During the middle Ages in Europe thinking about “thunderbolts” was dominated by the belief that ceraunia had magical properties and the same belief was supported by scholars. In the 11th century bishop Marbodo wrote in his poem “Liber lapidum” how ceraunia protect its owner and his house from being struck by lightning, dying at sea, losing in battles, as well as guarantees good sleep at nights. During the 14th–17th century, the Italian Renaissance established for the first time a connection between ‘thunderbolts’ and man-made stone tools. The background of this discovery lies in the remarkable rise in the interest in the study of natural history. This interest was triggered by the appearance of naturalists at Italian courts but also by voyages of exploration and discovery.
The scholars at this time began to emerge as an important intellectual power in advanced European societies, next to the courts and the clergy. The so-called virtuosi of the Renaissance were both interested in natural history and arts. Their collections included natural specimens and cultural artifacts and were known as cabinets of curiosities, or “Wunderkammern”.
Late in the sixteenth century, the Italian naturalist Michele Mercati (1541-1593) formulated the argument supporting the idea that ceraunia were not produced when lightning struck the ground, but were instead implements made by humans. He arrived at this novel conclusion as a result of being the curator of the Vatican botanical garden, where he was responsible for an expanding natural history collection that included fossils, as well as ethnographic material from the New World. It was through working with these materials that Mercati noticed that the ceraunia in the geological collection closely resembled some stone arrowheads made by the Indians.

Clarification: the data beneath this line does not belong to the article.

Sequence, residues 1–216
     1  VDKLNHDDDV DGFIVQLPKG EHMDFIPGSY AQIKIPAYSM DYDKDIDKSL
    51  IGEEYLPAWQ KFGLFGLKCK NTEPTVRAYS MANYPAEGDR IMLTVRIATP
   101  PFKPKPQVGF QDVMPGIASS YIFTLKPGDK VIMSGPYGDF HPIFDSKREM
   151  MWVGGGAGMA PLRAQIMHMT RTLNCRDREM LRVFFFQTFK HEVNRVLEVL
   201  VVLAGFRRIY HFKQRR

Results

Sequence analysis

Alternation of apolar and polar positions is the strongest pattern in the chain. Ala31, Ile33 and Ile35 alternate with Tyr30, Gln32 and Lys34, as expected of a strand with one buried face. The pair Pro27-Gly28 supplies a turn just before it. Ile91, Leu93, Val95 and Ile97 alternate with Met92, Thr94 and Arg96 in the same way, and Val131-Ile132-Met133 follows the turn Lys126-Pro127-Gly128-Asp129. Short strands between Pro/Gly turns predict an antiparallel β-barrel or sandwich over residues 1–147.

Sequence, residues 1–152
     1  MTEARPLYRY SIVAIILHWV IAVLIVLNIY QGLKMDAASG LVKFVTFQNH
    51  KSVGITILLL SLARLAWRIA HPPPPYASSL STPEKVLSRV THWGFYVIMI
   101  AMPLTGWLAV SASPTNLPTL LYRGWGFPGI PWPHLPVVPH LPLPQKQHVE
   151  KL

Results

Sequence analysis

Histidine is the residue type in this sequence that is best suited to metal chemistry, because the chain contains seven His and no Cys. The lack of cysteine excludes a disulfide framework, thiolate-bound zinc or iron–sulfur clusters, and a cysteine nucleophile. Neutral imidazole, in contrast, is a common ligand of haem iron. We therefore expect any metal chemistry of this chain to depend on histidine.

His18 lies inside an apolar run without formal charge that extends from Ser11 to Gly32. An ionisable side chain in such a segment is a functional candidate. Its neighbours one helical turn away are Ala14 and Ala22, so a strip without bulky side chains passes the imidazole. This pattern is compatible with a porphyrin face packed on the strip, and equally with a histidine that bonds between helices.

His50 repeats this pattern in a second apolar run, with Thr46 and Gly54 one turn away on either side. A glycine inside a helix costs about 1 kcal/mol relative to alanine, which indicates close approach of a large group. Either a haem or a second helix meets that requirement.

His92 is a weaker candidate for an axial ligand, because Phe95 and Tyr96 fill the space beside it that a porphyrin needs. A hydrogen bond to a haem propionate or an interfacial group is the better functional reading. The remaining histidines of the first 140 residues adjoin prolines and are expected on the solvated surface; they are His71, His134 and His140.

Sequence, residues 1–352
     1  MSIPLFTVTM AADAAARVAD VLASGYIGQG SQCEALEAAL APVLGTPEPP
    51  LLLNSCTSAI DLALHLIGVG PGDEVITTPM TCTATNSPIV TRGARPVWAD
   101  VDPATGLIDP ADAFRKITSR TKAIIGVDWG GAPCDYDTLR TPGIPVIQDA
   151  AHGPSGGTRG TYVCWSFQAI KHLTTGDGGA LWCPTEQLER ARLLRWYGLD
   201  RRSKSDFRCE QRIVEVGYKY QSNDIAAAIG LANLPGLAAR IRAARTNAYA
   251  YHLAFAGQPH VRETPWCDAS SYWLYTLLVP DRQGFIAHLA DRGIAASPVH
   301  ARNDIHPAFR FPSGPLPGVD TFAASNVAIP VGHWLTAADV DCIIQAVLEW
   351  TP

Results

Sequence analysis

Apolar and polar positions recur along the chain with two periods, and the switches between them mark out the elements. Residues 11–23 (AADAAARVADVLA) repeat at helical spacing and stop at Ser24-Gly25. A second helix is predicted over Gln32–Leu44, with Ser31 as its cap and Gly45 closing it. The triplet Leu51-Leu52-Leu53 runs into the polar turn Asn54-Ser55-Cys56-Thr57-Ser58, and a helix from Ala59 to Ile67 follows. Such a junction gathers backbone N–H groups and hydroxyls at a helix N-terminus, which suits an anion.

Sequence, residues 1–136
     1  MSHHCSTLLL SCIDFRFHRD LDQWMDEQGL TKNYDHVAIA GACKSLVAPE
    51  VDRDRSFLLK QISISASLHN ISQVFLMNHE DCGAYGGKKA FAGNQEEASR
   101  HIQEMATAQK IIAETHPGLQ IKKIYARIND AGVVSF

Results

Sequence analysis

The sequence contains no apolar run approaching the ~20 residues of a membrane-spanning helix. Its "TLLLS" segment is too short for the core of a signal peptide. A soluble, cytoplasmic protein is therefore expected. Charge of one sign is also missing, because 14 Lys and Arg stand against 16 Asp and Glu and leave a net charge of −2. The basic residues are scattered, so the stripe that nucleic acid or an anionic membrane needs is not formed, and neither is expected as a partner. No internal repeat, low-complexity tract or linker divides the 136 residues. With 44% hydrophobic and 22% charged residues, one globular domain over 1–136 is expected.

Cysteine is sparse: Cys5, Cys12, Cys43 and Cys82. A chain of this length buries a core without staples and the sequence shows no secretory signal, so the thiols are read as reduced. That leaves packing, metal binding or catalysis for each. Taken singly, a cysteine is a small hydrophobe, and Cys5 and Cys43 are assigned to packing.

This insight led him to suggest that all ceraunia were implements made for use as weapons or tools. It seems that during these early modern times in Europe, there was an over-individual epistemological change, a new attitude to man, to life and existence as well as a new way of ordering and classifying the world. This new attitude led to the perception, that ceraunia belonged not to the natural world, but were artifacts made by humans.
The recognition that ceraunia were, in fact, cultural artifacts from Europe’s remote past opened the way for the development of a genuine prehistoric thinking. But this began only late in the seventeenth century because Mercati’s ideas were not published in his lifetime. It is interesting that naturalists took a lead in classifying stone artifacts in the middle of the seventeenth century.
This is not surprising since natural history was grounded in the task of classification and taxonomy. Classification systems in prehistory are a late fruit (other would say: a necessary evil), that was first generated by these early naturalists. Although naturalists and antiquarian properly identified and classified ceraunia as stone artifacts made by humans, they has no concise theory about the people who made these things and the time depth of the prehistoric period. These questions were only resolved by scientists of the next centuries that where more independent from theological thinking.